W3C home > Mailing lists > Public > http-caching-historical@w3.org > February 1996

Re: Variant IDs

From: Jeffrey Mogul <mogul@pa.dec.com>
Date: Tue, 13 Feb 96 16:25:46 PST
Message-Id: <9602140025.AA05617@acetes.pa.dec.com>
To: koen@win.tue.nl (Koen Holtman)
Cc: http-caching@pa.dec.com
    Yes, but now for my original subtle question: what is the freshness of
    the two pieces of information
    
     "return variant 5 for User-agent: Blebber1.1"
    and
     "return variant 5 for User-agent: Blebber2.2"
    
    that are stored by the cache?
    
    Presumably it is 1000 seconds for the first piece, but what about the
    second piece?  You can't just store such information forever, because
    if new bugs are found in Blebber2.2, the service provider may want to
    start mapping it to variant 6 instead.

Conceptually that's a good point, since without a somewhat more
careful approach, the expiration time for the cache entry could
be indefinitely extended by repeated validations due to
User-agent: Blebber1.1 requests.

One way to deal with this is to associate (internally to the
cache) separate expiration values with the variant as a whole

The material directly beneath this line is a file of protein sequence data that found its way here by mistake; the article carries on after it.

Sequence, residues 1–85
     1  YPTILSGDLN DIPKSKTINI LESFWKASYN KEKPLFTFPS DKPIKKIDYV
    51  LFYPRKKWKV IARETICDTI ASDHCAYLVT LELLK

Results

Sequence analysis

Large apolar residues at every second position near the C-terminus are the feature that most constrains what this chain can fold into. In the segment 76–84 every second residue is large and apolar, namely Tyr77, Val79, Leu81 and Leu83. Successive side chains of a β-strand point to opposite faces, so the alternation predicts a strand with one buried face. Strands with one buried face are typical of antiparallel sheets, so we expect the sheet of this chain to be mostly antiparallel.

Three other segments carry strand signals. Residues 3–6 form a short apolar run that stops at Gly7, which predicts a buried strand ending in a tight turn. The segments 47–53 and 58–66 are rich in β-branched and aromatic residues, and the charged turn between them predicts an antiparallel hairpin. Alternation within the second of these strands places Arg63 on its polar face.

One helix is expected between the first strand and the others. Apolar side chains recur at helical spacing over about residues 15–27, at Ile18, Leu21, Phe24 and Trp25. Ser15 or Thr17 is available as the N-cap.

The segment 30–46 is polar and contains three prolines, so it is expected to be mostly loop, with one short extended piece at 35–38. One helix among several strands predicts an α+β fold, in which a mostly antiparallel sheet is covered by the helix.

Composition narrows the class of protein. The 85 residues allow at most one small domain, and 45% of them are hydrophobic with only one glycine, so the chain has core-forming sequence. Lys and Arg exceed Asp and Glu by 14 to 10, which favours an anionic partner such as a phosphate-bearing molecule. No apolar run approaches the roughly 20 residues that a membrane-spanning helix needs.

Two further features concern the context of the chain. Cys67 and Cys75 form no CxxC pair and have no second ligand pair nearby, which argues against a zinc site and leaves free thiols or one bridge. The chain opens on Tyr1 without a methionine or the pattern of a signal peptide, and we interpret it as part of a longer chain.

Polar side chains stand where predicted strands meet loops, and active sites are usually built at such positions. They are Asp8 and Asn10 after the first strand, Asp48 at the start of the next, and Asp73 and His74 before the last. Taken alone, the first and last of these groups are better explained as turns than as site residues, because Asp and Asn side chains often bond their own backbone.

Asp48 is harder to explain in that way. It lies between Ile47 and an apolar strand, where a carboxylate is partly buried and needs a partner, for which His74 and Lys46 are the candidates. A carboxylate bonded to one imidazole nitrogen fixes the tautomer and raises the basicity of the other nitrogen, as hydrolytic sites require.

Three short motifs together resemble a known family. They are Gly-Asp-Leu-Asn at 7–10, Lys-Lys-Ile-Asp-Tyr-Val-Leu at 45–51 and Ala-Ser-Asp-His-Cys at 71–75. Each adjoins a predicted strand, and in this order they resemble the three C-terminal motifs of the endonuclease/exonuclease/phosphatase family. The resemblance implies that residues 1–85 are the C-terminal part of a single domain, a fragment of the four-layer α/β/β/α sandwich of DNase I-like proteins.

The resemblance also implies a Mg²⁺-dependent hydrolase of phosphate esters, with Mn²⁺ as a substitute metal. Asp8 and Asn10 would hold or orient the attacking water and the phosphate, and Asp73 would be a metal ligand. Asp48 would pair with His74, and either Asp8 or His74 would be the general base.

and for each of the cache-keys (which in this case would include
specific User-agent: values).  The former would be updated by
any 304 Not Modified response for the variant; the latter would
only be updated if the User-agent: fields actually matched.
This could be done with no additional protocol mechanism, but
it would make the cache implementation somewhat more complex.

But a simpler approach would be to simply force reloading
in the rare cases where this kind of change is made at the
origin server.  E.g., if "service" (the server and/or its
files) is modified to change the variant-selection algorithm
then all the cache validators for resources with variants
have to be changed as well.  Either that, or use a different
(non-overlapping) set of variant IDs, so that the cached
copies associated with old variant-IDs would become stale
after 1000 seconds (or whatever).  Again, this requires
no additional protocol mechanism, and this approach requires
no extra implementation complexity in the caches.

Later on in your message (regarding a different issue), you write:
   I think it is appropriate not to engage in prudent considerations
   about this kind of optimization for HTTP/1.1.

and I believe that the particular problem you describe is going
to be rare enough that it's not a big problem to use a brute-force
solution (of requiring caches to reload all the relevant resources).

-Jeff
Received on Wednesday, 14 February 1996 00:38:05 UTC

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